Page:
Thanks for all the replies guys - Mr Whippy esp - is going to be used for all sorts, our access is not great so will be looking for one with forks so
I am hoping to move stuff up from the road (avoiding me either hand moving or paying people to wait / hand move stuff) as well as general excavation.
May also need to do a bit of gentle demolition. Will prob leave main groundworks to the profs, but there is a fair amount of landscaping etc to do and
as you say and I hope, if I look after it it may cost me nothing.
I have seen the MF alternative, and will def consider. Is there any real way of moving pallets with a 3 ton without crying yeehaa at the same time
when very we start a new house we hire 4x4 forklift like below for about 3-4 weeks, they have the reach required to get the pallets of blocks up to
the scaffold, lift wall panels around and take the roof tiles right up to where there needed. Trying to do this with a JCB is a bad idea as they
don't get the load up high enough. Use the digger for lifting only 1 ton bags of sand etc, tried forks on our and it was just annoyingly slow
We had tarmacers on a job once and they brought a small JCB in one of those skips that roll on and off a lorry , one of those skips that has little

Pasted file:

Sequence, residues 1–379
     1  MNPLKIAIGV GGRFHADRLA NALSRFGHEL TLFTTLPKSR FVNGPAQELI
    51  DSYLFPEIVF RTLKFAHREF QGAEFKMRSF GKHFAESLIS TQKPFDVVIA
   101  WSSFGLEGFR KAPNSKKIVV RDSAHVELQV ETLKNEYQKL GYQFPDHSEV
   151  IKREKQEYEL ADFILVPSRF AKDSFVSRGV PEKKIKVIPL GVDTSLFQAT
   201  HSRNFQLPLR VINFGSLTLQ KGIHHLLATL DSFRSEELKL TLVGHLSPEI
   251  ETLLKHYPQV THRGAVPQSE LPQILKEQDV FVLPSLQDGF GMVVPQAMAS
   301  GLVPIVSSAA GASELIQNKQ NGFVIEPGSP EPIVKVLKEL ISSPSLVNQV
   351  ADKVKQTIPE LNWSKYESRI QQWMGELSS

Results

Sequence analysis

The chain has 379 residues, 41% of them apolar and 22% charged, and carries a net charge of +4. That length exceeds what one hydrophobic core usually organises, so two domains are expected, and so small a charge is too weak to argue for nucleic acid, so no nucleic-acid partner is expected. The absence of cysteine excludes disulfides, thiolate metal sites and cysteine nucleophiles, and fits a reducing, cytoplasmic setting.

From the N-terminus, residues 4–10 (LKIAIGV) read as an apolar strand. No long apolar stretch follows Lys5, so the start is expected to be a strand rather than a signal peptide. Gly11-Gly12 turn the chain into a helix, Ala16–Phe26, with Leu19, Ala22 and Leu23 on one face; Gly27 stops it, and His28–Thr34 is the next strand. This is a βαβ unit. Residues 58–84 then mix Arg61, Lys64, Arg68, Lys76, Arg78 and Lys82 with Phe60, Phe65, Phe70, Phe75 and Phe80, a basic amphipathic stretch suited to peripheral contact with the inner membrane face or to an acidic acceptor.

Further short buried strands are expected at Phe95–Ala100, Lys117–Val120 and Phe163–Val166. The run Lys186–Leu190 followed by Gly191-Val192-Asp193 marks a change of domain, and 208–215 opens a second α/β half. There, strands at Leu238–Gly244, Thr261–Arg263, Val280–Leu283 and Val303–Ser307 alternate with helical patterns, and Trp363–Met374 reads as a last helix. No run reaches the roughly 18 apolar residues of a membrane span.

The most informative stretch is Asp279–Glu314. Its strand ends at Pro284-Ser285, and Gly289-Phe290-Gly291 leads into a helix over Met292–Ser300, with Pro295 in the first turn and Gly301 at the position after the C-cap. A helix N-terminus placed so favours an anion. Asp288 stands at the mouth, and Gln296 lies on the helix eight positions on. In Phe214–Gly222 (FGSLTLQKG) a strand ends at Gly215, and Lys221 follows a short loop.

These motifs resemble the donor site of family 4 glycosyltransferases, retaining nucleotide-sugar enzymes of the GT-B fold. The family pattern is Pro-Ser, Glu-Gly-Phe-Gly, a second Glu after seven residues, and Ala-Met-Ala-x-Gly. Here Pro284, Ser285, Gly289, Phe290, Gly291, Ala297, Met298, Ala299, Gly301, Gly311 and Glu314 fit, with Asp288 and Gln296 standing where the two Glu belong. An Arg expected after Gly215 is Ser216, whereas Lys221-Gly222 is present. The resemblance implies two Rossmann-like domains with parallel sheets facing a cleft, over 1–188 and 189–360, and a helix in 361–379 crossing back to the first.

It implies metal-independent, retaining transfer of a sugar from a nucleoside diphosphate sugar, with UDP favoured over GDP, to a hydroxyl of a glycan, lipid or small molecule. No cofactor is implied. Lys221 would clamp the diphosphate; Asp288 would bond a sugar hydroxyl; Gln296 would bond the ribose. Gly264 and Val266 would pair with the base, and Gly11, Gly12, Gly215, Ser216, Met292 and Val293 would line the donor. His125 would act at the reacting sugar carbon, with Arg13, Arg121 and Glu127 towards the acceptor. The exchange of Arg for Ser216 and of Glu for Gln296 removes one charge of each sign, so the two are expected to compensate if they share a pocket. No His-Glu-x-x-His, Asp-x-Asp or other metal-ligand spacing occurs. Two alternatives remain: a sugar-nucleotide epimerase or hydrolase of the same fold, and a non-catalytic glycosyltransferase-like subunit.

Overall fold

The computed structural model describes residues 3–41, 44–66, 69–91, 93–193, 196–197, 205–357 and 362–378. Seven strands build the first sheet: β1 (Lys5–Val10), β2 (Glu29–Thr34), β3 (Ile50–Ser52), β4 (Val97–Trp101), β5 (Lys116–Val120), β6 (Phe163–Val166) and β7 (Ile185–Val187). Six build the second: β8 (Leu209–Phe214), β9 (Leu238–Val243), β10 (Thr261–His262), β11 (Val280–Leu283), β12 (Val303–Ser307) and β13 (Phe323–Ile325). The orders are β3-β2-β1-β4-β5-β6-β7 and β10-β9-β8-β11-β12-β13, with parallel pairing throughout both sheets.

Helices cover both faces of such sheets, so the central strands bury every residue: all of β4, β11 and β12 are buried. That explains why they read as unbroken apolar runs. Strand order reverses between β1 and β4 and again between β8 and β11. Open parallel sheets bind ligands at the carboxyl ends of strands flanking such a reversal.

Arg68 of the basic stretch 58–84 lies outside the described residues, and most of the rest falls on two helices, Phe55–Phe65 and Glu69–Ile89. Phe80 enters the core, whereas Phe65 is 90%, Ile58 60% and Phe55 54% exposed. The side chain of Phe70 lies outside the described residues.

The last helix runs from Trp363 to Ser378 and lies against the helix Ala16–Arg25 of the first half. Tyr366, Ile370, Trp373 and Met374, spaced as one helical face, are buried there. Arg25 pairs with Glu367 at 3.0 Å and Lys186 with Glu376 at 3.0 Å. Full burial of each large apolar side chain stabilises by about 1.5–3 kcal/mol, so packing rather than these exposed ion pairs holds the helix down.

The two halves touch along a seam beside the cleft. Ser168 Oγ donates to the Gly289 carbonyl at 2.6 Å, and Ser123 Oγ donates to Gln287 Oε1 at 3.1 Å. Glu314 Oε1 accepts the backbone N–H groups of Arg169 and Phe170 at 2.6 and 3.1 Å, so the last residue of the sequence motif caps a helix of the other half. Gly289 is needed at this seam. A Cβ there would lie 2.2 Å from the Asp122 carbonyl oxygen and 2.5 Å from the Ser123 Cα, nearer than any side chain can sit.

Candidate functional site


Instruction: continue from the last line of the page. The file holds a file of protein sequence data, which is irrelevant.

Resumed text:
doors that hinge outwards, they opened the doors drove the JCB in then pulled the skip back onto the lorry and off they went
For unloading deliveries of pallets etc, carting to your site, lifting to relatively low heights & doing a bit of digging out of founds etc then a
wheeled digger is probably the machine to have. They are limited for reach & height for lifting but if your site is fairly level & single
story it's probably good enough. Other machines like the a telehandler & 360deg tracked digger will be better at one job or the other but
cannot do both.
How good is the ground on which you're going to travel? These things will make a awful lot of mess on soft going, the quotes of 6-8 tons are
right on the money.
Have a look at Ford (later became NewHolland) & Case machines too along with the MF (later Fermec I think) as suggested. The Ford 550 & 555